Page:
Chapter 3: Embedding cluster transformation in global sectoral resilience dynamics: conceptual considerations and the example of automotive production
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The regional resilience approach tries to conceptualize major place specific dynamics and factors that mark the adaptability and response capacities of industrial localities to economic crises. Academic debates on economic resilience, however, leave open important questions that deserve to be taken up: How can contradictions between the flexible adaptation requirements associated with resilience and the stabilizing, solidifying nature of industry clusters be solved? And how do the mostly internationally organized resilience capacities of industries affect regional clusters in different sectors? In fact, sector specific mechanisms of shock response can be observed across locations on the international scale, termed sectoral resilience. This chapter constructively combines this notion with assumptions on how international shock responses affect cluster dynamics. It acknowledges that the companies which constitute an industry’s spatially distributed production system, when struck by a major global crisis, collectively form a sector specific response that affects various locations. Shock induced shifts in international activity patterns thus interfere with local cluster dynamics, as economic actors strategically use assets at different locations in spatially differing ways in order to successfully adapt. Against this backdrop the chapter explores, first, how sectoral resilience generally interacts with regional cluster dynamics, advocating that interferences vary between industry sectors. A heuristic approach is developed that conceptualizes logical links of sectoral resilience and cluster dynamics in a global-local setting. Second, it is discussed which regional cluster qualities determine how a cluster is affected by international sectoral resilience processes, telling under which conditions a cluster can profit or rather suffers from induced changes. And third, propositions on sectoral resilience and cluster development interdependencies are illustrated for the example of the globalized automotive sector. Eventually, cluster policy recommendations are derived.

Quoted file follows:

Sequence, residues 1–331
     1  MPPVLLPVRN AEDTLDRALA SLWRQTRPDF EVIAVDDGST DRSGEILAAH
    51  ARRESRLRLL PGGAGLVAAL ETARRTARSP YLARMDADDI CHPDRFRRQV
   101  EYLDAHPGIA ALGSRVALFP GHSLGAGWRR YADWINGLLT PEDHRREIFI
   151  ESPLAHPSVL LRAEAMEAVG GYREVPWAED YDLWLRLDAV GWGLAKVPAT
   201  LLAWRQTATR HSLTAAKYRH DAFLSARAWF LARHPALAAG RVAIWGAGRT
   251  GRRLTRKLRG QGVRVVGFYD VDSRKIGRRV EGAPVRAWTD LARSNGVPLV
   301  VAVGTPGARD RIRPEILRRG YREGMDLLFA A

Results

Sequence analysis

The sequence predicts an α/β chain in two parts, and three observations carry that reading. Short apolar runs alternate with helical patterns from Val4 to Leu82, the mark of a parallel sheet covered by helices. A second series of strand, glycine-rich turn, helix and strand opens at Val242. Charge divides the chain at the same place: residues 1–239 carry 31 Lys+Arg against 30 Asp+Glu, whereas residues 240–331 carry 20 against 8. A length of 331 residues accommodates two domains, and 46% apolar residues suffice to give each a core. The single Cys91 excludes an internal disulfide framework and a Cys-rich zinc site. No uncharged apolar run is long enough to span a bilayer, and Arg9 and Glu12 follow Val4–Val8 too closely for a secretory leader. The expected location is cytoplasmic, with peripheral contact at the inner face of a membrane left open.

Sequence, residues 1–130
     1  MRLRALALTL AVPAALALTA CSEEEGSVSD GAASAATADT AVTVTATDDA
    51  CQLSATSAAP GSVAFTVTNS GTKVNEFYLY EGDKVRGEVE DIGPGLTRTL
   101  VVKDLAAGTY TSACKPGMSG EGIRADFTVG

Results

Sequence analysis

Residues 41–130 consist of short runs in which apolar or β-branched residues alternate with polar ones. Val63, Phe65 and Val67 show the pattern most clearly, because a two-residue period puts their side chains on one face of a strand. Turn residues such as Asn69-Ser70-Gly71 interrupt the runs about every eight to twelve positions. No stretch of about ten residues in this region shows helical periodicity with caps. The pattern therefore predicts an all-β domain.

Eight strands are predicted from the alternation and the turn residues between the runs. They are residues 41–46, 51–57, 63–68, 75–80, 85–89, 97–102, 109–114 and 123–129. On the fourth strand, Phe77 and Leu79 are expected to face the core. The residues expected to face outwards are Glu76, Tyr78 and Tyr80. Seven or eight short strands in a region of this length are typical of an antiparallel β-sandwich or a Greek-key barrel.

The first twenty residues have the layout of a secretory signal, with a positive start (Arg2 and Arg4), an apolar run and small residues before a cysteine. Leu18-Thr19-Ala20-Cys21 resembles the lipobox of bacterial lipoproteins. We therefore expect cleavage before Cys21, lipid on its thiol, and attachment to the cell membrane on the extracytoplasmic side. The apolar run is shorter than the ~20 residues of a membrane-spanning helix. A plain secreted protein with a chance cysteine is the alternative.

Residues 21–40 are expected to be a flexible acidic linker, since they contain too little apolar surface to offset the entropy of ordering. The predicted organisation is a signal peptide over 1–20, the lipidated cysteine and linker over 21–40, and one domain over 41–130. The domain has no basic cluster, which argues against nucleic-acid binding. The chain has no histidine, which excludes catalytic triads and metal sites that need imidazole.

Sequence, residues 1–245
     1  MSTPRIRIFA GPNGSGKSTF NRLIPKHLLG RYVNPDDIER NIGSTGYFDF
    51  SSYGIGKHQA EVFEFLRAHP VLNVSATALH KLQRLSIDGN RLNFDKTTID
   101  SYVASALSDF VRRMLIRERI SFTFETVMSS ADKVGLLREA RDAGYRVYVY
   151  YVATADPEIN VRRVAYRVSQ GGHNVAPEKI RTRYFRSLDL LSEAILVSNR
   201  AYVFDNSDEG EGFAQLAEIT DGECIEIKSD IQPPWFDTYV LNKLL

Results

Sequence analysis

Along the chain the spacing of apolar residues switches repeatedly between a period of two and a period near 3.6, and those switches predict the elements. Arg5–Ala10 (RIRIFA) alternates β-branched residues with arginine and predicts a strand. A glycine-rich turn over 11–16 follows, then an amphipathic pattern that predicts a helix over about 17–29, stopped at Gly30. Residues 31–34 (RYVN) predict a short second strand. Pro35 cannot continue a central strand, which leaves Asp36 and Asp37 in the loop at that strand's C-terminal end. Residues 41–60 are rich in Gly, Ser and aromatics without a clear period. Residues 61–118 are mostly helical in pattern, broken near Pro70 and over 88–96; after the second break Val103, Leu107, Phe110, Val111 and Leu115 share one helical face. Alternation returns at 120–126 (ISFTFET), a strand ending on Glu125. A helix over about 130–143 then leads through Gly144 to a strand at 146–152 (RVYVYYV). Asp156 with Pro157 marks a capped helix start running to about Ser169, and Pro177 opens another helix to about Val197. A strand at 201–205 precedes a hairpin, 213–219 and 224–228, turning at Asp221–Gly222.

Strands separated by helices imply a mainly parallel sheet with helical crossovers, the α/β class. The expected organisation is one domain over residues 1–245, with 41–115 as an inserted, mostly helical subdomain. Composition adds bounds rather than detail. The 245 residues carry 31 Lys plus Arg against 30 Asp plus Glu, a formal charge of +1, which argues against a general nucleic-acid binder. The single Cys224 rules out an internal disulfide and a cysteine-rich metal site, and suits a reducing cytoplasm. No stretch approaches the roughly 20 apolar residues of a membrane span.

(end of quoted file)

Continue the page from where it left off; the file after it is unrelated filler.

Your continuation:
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Edited by Dirk Fornahl and Nils Grashof
Monograph Book